Podcasts are Great… Especially for Language Learners
A guest post by fellow language educator, Adam Samuel.
Podcasts are audio files, mainly consisting of spoken word content on numerous topics that can be downloaded directly onto a computer or transportable media device, such as an iPhone. They can be downloaded as individual episodes or as subscriptions (meaning that future episodes are readily available for instant download on your device with just a click). Like blogs, podcasts offer a wealth of free and useful information, but the blog consumer faces the potentially painstaking task of having to sift through blog after blog in order to find what they might be looking for. Podcasts, on the other hand, are tidily collated into well-organised search engines such as iTunes, where they can be easily searched and located by topic or host/presenter.
As a passionate language teacher and learner, I’m very interested in the idea of learning styles. Would podcasts discriminate against those that are visual or kinaesthetic learners, as opposed to auditory? Well not according to an interviewee on the Smart Passive Income Podcast (and it’s these nuggets of wisdom that endear me to podcasts and podcasting). According to this expert, we all have elements of each learning style but we are all mainly visual learners. Gifted speakers are able to use spoken word as a vehicle to paint visual images in our mind – appealing to our visual learning mechanism.
Podcasts are also a perfect companion on long distance journeys, commutes into work, or gym workouts. The large majority of episodes that I listen to are 20 to 25 minutes long. This is probably because good podcasters are aware that anything longer than an hour, and you stand to lose your listeners – unless you provide such engaging content that the listener finds the time to continue listening!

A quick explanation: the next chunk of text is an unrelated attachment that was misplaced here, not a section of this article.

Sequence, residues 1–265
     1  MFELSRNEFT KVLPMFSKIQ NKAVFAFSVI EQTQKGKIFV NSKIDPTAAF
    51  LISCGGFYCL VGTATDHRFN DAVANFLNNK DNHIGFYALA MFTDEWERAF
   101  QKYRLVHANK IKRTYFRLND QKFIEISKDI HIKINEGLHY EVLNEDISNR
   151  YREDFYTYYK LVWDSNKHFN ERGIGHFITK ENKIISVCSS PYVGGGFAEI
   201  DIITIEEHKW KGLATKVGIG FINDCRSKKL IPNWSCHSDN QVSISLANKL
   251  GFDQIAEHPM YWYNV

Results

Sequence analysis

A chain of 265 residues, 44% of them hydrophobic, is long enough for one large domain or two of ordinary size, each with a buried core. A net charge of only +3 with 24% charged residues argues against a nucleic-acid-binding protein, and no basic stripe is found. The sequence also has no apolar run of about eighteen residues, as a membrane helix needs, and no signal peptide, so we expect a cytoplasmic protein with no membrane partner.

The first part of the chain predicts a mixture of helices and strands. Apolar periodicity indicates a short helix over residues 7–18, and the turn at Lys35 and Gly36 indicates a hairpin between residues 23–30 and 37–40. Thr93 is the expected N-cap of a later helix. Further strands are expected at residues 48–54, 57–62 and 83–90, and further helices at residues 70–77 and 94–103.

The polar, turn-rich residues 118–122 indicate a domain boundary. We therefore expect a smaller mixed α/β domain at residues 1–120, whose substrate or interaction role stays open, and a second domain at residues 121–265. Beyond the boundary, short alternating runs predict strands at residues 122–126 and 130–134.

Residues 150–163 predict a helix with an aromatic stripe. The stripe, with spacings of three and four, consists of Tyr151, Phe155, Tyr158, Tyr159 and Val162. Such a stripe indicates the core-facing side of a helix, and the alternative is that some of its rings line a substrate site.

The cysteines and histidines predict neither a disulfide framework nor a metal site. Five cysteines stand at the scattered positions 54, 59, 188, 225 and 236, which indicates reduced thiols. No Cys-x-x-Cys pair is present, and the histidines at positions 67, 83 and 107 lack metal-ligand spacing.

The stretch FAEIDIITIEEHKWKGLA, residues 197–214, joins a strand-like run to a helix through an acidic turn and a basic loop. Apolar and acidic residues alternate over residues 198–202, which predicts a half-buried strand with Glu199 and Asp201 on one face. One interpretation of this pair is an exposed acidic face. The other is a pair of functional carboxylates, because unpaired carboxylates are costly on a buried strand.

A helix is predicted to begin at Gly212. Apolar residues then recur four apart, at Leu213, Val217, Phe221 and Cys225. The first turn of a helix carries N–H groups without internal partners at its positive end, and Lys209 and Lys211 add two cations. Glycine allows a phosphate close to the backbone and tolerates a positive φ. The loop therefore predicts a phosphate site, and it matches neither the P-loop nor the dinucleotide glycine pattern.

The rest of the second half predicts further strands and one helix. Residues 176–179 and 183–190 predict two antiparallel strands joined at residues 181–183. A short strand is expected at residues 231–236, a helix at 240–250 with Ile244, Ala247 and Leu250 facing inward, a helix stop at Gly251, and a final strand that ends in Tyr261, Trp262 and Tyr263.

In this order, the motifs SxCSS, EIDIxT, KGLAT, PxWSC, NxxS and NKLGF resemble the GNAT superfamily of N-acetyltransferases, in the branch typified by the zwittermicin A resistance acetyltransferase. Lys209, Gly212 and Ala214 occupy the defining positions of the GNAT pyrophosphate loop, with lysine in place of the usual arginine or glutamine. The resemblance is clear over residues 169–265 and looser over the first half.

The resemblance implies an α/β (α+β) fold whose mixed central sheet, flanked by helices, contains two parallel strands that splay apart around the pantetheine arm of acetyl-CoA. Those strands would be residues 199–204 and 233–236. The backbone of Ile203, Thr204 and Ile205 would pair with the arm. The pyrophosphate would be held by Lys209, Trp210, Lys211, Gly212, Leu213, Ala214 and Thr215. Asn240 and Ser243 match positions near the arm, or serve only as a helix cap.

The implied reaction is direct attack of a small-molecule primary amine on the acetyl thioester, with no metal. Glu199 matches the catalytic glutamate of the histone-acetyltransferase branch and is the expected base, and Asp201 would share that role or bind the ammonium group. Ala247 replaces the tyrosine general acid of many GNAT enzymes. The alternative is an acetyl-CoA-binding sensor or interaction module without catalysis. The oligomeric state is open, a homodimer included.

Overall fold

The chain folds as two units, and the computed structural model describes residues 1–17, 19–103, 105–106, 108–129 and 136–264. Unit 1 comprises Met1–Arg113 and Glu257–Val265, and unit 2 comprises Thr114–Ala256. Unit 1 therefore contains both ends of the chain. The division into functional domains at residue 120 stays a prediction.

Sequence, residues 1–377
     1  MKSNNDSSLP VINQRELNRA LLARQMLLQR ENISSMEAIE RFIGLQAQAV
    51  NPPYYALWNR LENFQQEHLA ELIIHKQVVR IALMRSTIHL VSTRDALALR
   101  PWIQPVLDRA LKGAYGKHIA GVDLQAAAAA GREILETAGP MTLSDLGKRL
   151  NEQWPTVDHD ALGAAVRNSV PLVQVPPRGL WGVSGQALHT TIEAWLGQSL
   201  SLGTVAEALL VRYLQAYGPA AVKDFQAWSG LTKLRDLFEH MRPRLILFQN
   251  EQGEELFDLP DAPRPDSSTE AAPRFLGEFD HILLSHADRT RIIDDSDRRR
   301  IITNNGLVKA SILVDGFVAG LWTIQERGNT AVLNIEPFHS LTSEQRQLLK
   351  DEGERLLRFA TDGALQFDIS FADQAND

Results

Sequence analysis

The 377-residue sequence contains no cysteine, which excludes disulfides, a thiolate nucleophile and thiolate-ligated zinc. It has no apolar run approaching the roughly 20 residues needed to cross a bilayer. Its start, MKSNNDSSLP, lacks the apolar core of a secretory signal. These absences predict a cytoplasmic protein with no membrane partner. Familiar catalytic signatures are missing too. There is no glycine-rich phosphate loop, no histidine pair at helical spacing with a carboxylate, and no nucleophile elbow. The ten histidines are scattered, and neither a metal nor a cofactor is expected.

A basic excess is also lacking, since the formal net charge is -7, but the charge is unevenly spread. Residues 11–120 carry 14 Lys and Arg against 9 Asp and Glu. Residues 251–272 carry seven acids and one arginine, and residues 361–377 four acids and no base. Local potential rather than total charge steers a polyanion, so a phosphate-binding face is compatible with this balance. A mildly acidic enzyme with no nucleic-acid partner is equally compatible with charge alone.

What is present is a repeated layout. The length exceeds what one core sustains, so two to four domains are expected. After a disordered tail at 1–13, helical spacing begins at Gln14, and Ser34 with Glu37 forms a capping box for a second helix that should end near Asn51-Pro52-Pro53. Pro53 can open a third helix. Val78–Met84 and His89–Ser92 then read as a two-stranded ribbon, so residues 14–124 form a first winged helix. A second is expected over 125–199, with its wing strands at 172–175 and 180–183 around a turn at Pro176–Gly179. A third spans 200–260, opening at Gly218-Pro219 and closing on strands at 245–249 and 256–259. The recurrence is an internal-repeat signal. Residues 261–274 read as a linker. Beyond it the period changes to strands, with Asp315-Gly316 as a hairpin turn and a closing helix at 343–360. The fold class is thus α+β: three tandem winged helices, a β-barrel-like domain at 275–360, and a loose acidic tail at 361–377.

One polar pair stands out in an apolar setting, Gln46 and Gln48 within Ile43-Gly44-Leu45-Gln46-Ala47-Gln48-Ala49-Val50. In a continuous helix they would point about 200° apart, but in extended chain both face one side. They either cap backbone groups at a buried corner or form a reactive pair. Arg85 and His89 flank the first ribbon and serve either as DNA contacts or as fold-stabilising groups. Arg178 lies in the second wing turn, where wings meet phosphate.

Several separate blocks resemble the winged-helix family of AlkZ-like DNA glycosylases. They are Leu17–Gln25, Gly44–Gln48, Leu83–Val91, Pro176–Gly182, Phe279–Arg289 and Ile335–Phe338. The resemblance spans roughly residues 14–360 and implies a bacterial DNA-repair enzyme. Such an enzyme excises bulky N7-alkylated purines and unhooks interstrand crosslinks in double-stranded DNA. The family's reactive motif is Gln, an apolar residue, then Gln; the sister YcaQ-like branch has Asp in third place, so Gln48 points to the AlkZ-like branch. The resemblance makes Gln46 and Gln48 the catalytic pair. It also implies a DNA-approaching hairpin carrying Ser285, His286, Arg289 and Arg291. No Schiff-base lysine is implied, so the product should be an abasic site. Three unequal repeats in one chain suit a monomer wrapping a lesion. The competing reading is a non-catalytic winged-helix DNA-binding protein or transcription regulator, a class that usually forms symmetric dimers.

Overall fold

My Podcast Picks
In my opinion, podcasts provide more of a personal and intimate experience in comparison to blogs. Notes in Spanish, the very first podcast I downloaded in 2005, dealt with a plethora of social and cultural issues relating to contemporary Spanish life, from the perspective of a mixed English and Spanish couple. The hosts styled their short podcasts in the form of an informal conversation in Spanish. If you closed your eyes, you could just imagine yourself sitting in their living room, listening in on an interesting chat over an afternoon coffee. The warmth and simplicity appealed to me as it most probably did to the thousands of other listeners who turned their podcast into one of the most popular language learning podcasts around.
There are many other language learning podcasts that can easily be found with a quick search in Google or iTunes (look for “French podcast”, “German podacst”, etc). Nowadays several radio broadcasters also choose to have most of their programmes available in podcast format, including renowned national broadcasters such as the BBC in the UK or RTVE in Spain. This means that a listener who didn’t manage to tune in and hear them live the first time has the option to hear the show they missed whenever they want. It also means that language learners can tune in to programs in their target language and have the power to press pause and repeat to help with their learning process.
Another great thing about podcasts is that there are just so many of them dealing with almost every topic under the sun. I currently subscribe to several relating to different interests of mine. There is Arsecast, a witty insight into the goings on at Arsenal, my favourite football team, Duendeando, a podcast that keeps me up to date with the world of flamenco music, and the Smart Passive Income Podcast, which offers useful information for entrepreneurs and small business owners. A quick search online revealed that there are billions of podcast episodes available for download.
Why not download one? If you are not sure how, just type in a topic you’re interested and the word ‘podcast’ and something is bound to come up!